Finding Your Ideal Weight

Most of the people in magazines and on TV are far slimmer than average, yet this is the “ideal” that many people aim for. Before you decide that you won’t be happy until you get down to a certain number of pounds, consider:

  • Your age. You probably wish you could get back to your college weight. But normal changes in metabolism and hormone levels that occur with aging can make this more difficult.

  • Your gender. In general, men have more muscle and heavier bones than women. That means that healthy men usually weigh more than healthy women of the same height.

  • Your current weight. If you are very heavy, focus on losing a smaller amount (such as 10% of your body weight). Losing just 5 to 10 pounds can improve your health.

Healthcare provider weighing woman.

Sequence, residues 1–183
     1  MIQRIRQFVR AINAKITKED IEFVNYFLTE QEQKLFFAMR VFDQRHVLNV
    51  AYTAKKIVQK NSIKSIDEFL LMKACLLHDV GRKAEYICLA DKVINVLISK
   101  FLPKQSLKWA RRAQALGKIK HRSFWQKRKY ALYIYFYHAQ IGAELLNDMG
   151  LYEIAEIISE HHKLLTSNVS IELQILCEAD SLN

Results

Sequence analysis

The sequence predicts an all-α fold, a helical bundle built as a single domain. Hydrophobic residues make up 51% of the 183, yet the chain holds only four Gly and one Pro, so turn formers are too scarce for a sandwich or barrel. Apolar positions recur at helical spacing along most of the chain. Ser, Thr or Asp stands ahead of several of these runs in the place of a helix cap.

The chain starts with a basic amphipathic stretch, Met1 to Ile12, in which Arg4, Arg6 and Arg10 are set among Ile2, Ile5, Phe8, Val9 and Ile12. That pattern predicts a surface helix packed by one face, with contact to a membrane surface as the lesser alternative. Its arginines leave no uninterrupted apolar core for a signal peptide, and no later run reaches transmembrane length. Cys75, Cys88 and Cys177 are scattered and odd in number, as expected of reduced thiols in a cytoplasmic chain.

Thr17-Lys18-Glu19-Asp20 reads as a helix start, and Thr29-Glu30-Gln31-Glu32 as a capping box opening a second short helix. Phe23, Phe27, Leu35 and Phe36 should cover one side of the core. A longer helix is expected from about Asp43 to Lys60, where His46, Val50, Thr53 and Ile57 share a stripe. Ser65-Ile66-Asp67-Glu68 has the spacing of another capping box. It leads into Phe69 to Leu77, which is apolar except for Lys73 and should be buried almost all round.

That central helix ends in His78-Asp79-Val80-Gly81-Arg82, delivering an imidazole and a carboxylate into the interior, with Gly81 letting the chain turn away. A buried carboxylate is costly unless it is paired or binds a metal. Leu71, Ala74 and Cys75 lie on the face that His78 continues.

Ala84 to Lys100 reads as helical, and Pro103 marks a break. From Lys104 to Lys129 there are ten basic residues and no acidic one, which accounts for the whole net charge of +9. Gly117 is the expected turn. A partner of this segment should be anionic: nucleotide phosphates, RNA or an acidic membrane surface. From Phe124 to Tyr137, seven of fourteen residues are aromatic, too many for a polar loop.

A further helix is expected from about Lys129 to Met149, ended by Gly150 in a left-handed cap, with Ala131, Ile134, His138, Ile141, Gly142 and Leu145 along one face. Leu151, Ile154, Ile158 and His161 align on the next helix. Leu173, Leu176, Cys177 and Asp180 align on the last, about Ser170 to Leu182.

Your body fat percentage

A pound of muscle weighs the same as a pound of fat, but it takes up less space. Think of a trained athlete and a “couch potato.” Even though they may be the same height and weight, the athlete looks fitter and is healthier. They also probably wear a smaller size of clothing. If you are muscular, a body fat test may be a more accurate measure of your ideal weight than the bathroom scale. Talk with your healthcare provider, who can help you set appropriate goals for yourself.

Body mass index (BMI)

Your BMI is a number calculated from your weight and height. BMI is used as a health risk screening tool. It does not diagnose amount of body fat or actual health of a person. To calculate your BMI, see this BMI calculator from the CDC at

© 2000-2024 The StayWell Company, LLC. All rights reserved. This information is not intended as a substitute for professional medical care. Always follow your healthcare professional's instructions.
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